With any sport, there evolves a lingo, slang or code that helps to define its culture. The skiing and snowboarding world is no exception. Over the years, ski-speak, as some call it, has evolved into somewhat of a language of its own, with each new generation of skiers and riders adding more and more phrases to an ever-expanding vocabulary.
Recently, while attending an industry event at Mission Ridge, I was engaged in a short conversation with the guy sitting next to me on the chair that went something like this: “Hey, what’s the snow like up on the ridge?” I asked.
“Dude, it’s pretty gnarred up, but really bony up there, too. If you stay skiers’ left, you can totally smash a few fresh lines. But the lower glade just below the big cornie is super tight—with the flat light and this chowder, you might eat wood,” he said.
Hmmmm. That sounds good, I thought. Or wait. Maybe that’s not so good. I wasn’t completely sure.
“Hey, thanks man,” I replied.
And then, not wanting to appear obviously confused by the somewhat cryptic exchange, I said, “Yeah, I’ll probably just head down. I think I’m supposed to meet someone…um…for something.”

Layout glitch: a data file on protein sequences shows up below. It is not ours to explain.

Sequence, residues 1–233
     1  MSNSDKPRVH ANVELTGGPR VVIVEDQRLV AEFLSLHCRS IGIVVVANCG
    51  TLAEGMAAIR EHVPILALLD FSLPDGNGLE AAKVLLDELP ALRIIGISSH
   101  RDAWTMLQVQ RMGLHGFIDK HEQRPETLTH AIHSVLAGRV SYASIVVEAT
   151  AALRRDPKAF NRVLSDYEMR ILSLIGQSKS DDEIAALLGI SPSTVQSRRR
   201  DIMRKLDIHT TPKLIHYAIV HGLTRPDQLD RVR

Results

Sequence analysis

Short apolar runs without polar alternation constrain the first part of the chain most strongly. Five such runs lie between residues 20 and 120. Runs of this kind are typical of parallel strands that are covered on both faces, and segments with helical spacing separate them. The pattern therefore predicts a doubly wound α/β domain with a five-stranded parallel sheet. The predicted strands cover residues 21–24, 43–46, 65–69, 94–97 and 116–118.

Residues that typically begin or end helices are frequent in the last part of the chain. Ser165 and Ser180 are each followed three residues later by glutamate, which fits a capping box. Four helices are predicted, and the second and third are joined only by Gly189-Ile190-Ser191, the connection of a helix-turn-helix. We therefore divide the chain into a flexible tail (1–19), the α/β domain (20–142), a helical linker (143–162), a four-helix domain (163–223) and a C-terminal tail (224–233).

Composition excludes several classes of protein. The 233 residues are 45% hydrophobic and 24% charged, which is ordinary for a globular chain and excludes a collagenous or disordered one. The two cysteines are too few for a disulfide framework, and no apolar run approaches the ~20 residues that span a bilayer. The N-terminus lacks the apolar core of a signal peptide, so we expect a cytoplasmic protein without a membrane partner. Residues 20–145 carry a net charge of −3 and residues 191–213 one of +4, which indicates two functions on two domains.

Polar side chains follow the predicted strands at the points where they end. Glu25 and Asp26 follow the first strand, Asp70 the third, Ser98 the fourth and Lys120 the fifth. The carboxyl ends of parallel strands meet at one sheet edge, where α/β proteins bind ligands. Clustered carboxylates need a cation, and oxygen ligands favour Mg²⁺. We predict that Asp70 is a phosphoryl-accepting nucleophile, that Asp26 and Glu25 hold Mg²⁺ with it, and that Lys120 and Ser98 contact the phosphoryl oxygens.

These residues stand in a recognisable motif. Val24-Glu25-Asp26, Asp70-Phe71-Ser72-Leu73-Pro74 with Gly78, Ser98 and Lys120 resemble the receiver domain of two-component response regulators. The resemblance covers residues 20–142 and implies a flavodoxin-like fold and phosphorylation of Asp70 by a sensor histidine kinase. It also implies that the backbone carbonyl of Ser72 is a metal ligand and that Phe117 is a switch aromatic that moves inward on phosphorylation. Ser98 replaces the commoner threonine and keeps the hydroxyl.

Shredders at Lookout Pass (left), 49 Degrees (top right), Mt. Spokane (middle), and Silver Mountain (bottom right). // Photos courtesy of respective mountain areas; Lookout Pass photo by Lacey Johnson.
As an ex-ski bum who is now rapidly approaching the big four-zero, there was a time not so long ago when I was very fluent in the ski speak of my era. But as those days have moved farther into the rear view mirror, I have slowly transitioned into that skier type that true ski bums detest: the aging weekend warrior who is no longer capable of holding his own in casual ski speak with the dirt bag locals.
I realized that day at Mission Ridge that it was time to reconnect with some of my bum brahs from the past, some of whom are still living the dream. I knew they held the knowledge to unlock the code and re-educate me to a level of competent ski culture fluency.
Just as learning the proper fundamentals of skiing and riding is critical, I believe that attempting to grasp the unique vocabulary that makes this sport so special is also important.
Sounding like you’re in the know, or at least attempting to fake it when you’re hanging with the locals, can save you from becoming totally lost in a random, base lodge conversation or worse, completely embarrassing yourself. Knowledge is power and basic jargon is priceless—it’s street cred for up on the hill.
Here is a list of 26 of my favorite ski-speak terms and phrases (in alphabetical order). Some are old school and others are newly learned by me.
Après Ski: Literally means “after ski,” but really refers to the nightly booze/dance party assault which can do way more damage to your body than a day on the snow.
Bombing: Going downhill at a stupid-fast rate of speed without regard for your own body. Or anyone else’s body.
Bony: Early or late season conditions featuring a slew of wood and rock landmines under your skis.